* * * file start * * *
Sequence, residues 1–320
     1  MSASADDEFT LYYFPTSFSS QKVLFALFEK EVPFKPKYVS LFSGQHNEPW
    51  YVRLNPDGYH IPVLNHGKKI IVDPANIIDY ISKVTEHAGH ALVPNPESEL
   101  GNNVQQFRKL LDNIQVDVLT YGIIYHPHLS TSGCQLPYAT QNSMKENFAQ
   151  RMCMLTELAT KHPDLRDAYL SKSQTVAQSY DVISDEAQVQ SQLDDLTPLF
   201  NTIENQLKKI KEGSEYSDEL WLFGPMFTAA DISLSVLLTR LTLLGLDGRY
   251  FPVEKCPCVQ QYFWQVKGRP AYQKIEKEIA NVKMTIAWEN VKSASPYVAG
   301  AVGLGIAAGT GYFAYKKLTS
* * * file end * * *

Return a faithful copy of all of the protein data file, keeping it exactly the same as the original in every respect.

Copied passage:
Sequence, residues 1–320
     1  MSASADDEFT LYYFPTSFSS QKVLFALFEK EVPFKPKYVS LFSGQHNEPW
    51  YVRLNPDGYH IPVLNHGKKI IVDPANIIDY ISKVTEHAGH ALVPNPESEL
   101  GNNVQQFRKL LDNIQVDVLT YGIIYHPHLS TSGCQLPYAT QNSMKENFAQ
   151  RMCMLTELAT KHPDLRDAYL SKSQTVAQSY DVISDEAQVQ SQLDDLTPLF
   201  NTIENQLKKI KEGSEYSDEL WLFGPMFTAA DISLSVLLTR LTLLGLDGRY
   251  FPVEKCPCVQ QYFWQVKGRP AYQKIEKEIA NVKMTIAWEN VKSASPYVAG
   301  AVGLGIAAGT GYFAYKKLTS